Sterile Cleanroom Managment

This article is based on an original publication by Berkshire.

Manufacturing applications in sterile environments require special consideration. It is essential to ensure that the range of cleanroom consumables, from wipers and gloves to swabs and tubing, will not impact the aseptic environment. This is even more critical for environments where the sterility of the final product depends upon sterile processing as opposed to sterilization of the final product. Because introduction of a contaminated consumable could cause failures in the manufacturing process, an understanding of effective sterilization methods is critical.

A number of methods may be used in product sterilization, including autoclaving, e-beam and gamma radiation. There are advantages and disadvantages to each, depending on the application at hand.

The autoclave method employs steam and pressure to achieve sterilization. The drawback to this approach is that the product packaging must be permeable — leading to the repackaging of many products, wasting time and money. Yet because autoclaves are reasonably priced, sterilization can be performed within the home facility, which is particularly effective when working in small batches.

E-beam, or electron beam sterilization methods offer limited utilization for low density products due to a relatively low penetrating power.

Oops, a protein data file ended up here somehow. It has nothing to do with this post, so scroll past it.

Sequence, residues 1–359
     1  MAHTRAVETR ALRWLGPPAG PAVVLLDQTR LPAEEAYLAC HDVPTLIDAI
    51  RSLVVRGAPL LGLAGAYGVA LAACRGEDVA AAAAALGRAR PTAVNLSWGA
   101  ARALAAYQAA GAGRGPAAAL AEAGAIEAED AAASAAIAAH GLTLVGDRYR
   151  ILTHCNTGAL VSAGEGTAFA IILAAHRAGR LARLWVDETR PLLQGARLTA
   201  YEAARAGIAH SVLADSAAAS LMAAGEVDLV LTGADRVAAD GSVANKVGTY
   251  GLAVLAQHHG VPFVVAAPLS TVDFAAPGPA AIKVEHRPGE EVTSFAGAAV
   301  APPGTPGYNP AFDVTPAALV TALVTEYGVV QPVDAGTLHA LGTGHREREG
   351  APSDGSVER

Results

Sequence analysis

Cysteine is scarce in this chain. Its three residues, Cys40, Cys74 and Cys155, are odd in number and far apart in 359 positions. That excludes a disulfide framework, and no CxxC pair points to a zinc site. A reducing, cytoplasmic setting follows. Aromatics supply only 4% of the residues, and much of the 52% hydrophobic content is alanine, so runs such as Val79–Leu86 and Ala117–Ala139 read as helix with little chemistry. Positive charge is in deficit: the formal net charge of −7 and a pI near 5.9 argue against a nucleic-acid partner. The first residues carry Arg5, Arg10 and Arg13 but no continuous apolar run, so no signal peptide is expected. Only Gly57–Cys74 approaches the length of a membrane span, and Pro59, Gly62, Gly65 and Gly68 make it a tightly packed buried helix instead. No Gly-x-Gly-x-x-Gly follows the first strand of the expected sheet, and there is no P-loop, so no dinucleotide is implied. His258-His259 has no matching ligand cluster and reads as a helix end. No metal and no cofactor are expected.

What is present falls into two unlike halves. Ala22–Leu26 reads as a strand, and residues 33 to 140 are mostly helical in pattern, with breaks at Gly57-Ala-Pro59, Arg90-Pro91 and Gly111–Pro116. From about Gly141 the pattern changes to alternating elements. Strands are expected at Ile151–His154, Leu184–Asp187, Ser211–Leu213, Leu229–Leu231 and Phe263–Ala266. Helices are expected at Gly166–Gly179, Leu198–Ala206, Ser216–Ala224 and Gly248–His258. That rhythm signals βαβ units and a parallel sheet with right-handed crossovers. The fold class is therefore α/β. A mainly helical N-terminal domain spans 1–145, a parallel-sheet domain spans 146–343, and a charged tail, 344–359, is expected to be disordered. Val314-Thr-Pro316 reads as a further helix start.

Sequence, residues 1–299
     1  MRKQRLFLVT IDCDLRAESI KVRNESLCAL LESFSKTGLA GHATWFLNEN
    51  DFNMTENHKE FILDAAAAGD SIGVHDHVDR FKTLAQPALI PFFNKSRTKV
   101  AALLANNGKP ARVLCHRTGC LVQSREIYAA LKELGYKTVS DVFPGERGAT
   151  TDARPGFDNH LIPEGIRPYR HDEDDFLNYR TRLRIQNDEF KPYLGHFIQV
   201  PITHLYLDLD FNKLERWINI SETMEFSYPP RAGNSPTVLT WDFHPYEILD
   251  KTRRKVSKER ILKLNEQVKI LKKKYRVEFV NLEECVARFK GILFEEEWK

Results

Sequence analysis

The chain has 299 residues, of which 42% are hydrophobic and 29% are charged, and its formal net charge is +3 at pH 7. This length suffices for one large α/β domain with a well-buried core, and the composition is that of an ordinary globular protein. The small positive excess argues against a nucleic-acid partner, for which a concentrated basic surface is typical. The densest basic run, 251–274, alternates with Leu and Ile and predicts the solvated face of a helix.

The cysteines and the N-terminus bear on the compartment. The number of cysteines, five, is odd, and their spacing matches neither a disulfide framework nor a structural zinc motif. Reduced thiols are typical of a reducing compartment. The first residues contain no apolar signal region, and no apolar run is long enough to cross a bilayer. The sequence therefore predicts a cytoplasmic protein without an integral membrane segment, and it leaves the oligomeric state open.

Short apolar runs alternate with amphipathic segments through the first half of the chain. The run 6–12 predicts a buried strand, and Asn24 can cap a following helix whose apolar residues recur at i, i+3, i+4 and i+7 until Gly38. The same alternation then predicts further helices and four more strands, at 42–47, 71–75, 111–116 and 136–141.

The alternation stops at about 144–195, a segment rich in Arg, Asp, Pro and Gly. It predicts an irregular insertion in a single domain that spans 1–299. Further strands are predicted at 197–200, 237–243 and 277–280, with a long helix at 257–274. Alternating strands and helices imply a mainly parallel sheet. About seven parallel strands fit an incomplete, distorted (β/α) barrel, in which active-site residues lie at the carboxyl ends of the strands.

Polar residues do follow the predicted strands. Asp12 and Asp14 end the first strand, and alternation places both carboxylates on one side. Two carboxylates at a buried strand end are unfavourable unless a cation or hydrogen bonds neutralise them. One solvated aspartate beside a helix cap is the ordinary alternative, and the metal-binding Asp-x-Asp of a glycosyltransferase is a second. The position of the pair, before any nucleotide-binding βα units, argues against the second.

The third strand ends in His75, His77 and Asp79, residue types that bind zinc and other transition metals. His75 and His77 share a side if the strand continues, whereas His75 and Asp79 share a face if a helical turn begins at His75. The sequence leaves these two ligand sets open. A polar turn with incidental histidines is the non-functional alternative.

The preferred option for high density products and larger batches, gamma radiation offers a higher level of penetrating power to more effectively sterilize through standard product packaging with minimal variation in temperature. This method is particularly useful in the food, cosmetics, and medical industries.

Produced using Cobalt-60 sources, gamma rays are especially suitable for ionization, a type of radiation with enough energy to eradicate orbital electrons without introducing radioactivity. Lethal to microbial life, gamma radiation offers a reliable method of achieving sterility.

Irradiation Alone Is Not Enough

Irradiation is not the same thing as sterilization, and it is not recognized independently by the FDA or pharmaceutical companies as a means of sterilization. While the term "irradiation" implies that a substance has been exposed to gamma rays, it does not ensure that a sufficient dose has been used to achieve sterility. With irradiation alone, no Sterility Assurance Level (SAL) can be determined.

Ability of the product and packaging to withstand irradiation should be qualified prior to beginning a sterility validation process, as substances may weaken or become discolored, rendering them useless. Testing the materials against varying levels of irradiation can determine the maximum tolerated dose.


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